Making sulphite-free wines – in the strictest sense of the term – is a goal winemakers increasingly strive towards, but it requires a lot of mastery, as well as common sense and good winemaking practices. However, at times, no matter how many precautions have been taken, the total elimination of sulphites is impossible due to problems of various kinds (costs, constraints, timing, etc.). Sulphites, thanks to their antioxidant and antiseptic properties, help produce brisk, clean wines. What you can do is reduce your use of them during the processing phases, by combining different winemaking practices and products based on the specific problems to be solved.

Perdomini-IOC actively pursues a policy of sulphite reduction through research programmes for the development of specific winemaking protocols focused on preserving consumer health. This is how the products in the Low SO2 Solutions range were born.


Winemaking with little SO2 requires total control of oxygen levels and hygiene from the earliest stages of the harvest.  Harvesting healthy grapes is a prerequisite for working without or with minimum doses of sulphites. With Botrytis (and therefore laccase) on the grapes, musts and wines are very sensitive to oxidation. Without sulphites, wines maintain significant polyphenol-oxidase activity and can easily deteriorate. It is therefore essential to preserve the integrity of the grapes during the harvest and up to their arrival in the winery. If this does not happen, unwanted bacteria and yeasts will have free access to sugars be able to multiply exponentially, causing major damage.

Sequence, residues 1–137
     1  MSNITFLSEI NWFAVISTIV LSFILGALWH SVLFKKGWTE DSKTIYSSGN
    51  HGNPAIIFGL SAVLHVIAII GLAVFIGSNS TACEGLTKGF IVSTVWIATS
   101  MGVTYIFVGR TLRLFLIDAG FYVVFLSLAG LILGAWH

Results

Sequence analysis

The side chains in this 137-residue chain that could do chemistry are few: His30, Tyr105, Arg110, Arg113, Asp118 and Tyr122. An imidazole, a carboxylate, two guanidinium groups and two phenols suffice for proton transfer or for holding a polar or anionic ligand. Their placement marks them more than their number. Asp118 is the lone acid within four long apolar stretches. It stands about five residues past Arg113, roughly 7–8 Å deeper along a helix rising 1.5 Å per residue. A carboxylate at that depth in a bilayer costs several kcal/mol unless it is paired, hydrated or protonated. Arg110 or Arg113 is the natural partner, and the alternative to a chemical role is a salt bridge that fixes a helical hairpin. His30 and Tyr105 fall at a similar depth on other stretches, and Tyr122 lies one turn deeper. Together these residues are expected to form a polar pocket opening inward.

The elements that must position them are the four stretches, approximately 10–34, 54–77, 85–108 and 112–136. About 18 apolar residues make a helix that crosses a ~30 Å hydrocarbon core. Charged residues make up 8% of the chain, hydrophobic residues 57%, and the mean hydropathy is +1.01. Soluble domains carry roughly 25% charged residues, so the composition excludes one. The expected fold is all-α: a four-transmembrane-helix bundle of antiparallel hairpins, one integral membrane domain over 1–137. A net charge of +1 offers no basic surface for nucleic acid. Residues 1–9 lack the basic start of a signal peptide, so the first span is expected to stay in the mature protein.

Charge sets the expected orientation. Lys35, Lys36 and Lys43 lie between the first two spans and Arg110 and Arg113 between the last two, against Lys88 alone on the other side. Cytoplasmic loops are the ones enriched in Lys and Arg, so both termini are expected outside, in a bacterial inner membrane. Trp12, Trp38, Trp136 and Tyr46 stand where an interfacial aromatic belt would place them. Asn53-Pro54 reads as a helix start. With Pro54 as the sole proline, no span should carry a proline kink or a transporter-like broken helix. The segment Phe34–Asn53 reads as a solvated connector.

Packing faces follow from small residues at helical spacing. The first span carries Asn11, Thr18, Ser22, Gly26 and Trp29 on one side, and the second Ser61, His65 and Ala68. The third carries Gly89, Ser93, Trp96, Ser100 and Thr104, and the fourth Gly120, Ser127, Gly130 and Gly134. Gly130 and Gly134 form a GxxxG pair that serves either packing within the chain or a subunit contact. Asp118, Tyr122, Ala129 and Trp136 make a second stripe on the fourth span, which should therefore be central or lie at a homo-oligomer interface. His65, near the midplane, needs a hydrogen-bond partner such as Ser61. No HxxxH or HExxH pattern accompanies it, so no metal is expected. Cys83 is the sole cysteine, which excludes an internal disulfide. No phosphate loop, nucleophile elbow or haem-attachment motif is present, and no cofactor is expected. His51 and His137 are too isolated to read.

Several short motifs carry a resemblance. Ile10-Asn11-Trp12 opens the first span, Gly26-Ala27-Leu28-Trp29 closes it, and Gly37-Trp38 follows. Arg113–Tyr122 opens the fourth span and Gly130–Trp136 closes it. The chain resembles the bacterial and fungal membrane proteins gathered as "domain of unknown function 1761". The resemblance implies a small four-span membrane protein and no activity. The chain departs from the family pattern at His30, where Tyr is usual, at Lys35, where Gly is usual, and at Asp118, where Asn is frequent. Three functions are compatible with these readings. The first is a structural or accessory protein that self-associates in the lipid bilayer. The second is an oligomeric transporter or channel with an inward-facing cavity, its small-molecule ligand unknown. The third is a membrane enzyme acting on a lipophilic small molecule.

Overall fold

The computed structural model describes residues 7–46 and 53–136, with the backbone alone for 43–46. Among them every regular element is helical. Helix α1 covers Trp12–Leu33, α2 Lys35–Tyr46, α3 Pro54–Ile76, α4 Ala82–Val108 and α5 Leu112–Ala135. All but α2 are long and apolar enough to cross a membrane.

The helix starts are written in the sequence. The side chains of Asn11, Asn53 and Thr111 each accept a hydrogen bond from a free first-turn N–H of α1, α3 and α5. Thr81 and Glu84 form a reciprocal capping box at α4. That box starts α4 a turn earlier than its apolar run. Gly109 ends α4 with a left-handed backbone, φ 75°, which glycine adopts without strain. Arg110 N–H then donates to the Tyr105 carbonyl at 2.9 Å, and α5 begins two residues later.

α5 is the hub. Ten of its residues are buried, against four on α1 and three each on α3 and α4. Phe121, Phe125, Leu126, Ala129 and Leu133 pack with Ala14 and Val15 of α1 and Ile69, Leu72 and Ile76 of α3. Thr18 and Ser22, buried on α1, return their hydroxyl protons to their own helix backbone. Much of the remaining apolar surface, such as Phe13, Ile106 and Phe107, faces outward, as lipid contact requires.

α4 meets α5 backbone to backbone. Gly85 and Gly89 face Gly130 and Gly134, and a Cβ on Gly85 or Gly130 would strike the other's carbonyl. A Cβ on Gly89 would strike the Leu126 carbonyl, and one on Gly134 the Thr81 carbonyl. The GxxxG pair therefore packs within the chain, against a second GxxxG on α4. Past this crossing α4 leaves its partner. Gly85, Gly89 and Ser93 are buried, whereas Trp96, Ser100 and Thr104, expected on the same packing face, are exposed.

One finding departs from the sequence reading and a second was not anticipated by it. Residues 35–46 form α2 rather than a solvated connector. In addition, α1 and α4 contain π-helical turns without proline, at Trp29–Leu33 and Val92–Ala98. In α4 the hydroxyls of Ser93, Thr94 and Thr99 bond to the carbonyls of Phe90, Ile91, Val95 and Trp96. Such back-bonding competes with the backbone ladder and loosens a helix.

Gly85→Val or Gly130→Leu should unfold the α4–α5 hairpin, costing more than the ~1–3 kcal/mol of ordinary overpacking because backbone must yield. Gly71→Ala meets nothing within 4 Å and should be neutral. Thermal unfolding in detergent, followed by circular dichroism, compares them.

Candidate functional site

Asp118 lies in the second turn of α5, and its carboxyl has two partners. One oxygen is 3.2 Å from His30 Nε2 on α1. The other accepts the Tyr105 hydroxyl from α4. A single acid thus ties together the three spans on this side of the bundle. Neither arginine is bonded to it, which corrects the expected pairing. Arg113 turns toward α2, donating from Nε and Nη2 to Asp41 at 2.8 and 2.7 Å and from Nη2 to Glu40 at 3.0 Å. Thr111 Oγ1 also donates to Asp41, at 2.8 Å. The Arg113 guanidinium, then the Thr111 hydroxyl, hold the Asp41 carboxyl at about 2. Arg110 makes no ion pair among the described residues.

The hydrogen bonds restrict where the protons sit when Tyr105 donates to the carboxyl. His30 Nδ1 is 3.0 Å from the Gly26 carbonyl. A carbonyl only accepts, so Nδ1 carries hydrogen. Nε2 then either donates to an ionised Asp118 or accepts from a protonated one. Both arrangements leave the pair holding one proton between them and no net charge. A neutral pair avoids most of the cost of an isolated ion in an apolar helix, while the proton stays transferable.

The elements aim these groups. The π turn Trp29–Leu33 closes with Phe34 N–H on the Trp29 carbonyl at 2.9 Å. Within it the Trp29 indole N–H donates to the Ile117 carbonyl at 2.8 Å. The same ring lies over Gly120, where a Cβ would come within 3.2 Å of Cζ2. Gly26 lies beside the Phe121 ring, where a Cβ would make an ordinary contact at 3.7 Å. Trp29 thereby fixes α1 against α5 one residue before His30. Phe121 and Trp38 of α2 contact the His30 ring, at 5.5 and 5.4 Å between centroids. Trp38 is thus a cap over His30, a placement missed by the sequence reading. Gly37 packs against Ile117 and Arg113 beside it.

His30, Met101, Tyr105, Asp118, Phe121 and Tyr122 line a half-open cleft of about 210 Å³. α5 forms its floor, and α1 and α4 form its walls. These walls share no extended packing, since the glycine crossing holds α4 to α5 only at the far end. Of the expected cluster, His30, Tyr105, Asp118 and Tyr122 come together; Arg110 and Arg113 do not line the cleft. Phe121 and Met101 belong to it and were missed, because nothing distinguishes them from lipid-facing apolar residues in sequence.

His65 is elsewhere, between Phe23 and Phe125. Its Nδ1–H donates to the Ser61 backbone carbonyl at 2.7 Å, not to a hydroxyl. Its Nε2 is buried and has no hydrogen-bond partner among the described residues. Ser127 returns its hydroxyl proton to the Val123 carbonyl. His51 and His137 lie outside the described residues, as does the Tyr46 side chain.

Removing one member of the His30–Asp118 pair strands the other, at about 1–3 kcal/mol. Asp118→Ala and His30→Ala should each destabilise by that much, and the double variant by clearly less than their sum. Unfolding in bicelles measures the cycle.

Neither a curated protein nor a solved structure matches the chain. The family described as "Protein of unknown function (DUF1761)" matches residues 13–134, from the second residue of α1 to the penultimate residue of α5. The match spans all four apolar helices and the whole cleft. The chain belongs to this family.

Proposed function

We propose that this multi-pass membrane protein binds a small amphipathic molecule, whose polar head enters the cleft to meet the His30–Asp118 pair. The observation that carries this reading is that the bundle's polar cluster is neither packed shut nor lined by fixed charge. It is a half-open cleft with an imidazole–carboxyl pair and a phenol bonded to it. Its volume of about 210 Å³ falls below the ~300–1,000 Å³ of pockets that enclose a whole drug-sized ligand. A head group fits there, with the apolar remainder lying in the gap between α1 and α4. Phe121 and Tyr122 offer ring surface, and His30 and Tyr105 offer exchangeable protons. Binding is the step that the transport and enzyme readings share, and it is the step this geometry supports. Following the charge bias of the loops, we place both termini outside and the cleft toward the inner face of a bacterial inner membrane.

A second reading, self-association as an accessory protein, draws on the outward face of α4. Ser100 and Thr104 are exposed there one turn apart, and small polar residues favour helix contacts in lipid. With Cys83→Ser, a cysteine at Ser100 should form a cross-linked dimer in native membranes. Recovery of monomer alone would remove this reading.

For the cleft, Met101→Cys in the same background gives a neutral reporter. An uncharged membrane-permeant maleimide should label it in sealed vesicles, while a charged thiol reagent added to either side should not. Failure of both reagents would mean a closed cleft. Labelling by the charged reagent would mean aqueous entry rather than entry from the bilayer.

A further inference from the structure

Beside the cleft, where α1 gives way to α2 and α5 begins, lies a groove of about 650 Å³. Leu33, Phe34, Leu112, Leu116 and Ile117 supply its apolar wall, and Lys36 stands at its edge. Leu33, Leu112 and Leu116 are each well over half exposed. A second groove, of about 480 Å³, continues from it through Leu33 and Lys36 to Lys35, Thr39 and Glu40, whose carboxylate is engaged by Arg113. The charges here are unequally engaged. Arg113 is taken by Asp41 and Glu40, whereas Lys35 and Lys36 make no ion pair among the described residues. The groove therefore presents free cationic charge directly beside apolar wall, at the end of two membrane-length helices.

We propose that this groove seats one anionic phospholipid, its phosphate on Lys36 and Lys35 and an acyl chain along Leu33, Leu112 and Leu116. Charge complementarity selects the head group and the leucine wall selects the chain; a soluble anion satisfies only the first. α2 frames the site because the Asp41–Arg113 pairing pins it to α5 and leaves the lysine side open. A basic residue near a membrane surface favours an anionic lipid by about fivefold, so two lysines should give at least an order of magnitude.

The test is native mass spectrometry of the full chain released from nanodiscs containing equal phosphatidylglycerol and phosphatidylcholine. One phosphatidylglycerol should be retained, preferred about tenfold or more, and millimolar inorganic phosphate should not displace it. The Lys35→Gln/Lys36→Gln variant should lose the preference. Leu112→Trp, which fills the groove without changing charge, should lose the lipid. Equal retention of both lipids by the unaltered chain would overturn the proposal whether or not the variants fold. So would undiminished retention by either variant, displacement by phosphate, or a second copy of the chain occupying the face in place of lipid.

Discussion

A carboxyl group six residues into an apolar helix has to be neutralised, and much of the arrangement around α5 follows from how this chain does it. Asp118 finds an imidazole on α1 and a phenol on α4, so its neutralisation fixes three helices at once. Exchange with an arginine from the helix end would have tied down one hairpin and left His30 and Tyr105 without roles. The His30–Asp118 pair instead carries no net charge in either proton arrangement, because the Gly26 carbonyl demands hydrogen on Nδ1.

However, a healthy grape is not free from microorganisms. It is now known that on the skin there may be a significant population of Hanseniaspora uvarum-type apiculate yeasts able to produce volatile acidity. These yeasts can easily dominate the pre-fermentation stages and affect aromatic fineness when the wine is racked if there is not adequate protection in place. In order to avoid the onset of these problems, the temperature during racking (which must not exceed 8-10°C) and the length of time on the lees (the longer this is, the more risks arise) both play a fundamental role.

A proven solution in these situations, as an alternative to sulphites, is the use of a bioprotective yeast that can inhibit the growth of these undesirable substances. For example, to govern H. uvarum, the Institut Francais de la Vigne et du Vin has selected GAÏA, a Mestchnikowia fructicola yeast, which is particularly effective at controlling unwanted flora. In addition to delaying the start of unwanted fermentation by occupying an ecological niche used by other microorganisms, GAÏA considerably restricts the growth of acetic bacteria in the must and is an entirely natural solution.

Nevertheless, be cautious. A fundamental aspect of bioprotection is acting in advance, because once unwanted populations have become settled, it is much more difficult to counteract them. We therefore recommend adding GAÏA (after rehydrating it) directly into the grape bins, spreading it as evenly as possible.


The concentration of sulphites in the wine is tied to the additions made during the various stages of winemaking. The only stage of winemaking in which an uncontrolled increase can occur by endogenous means is alcoholic fermentation.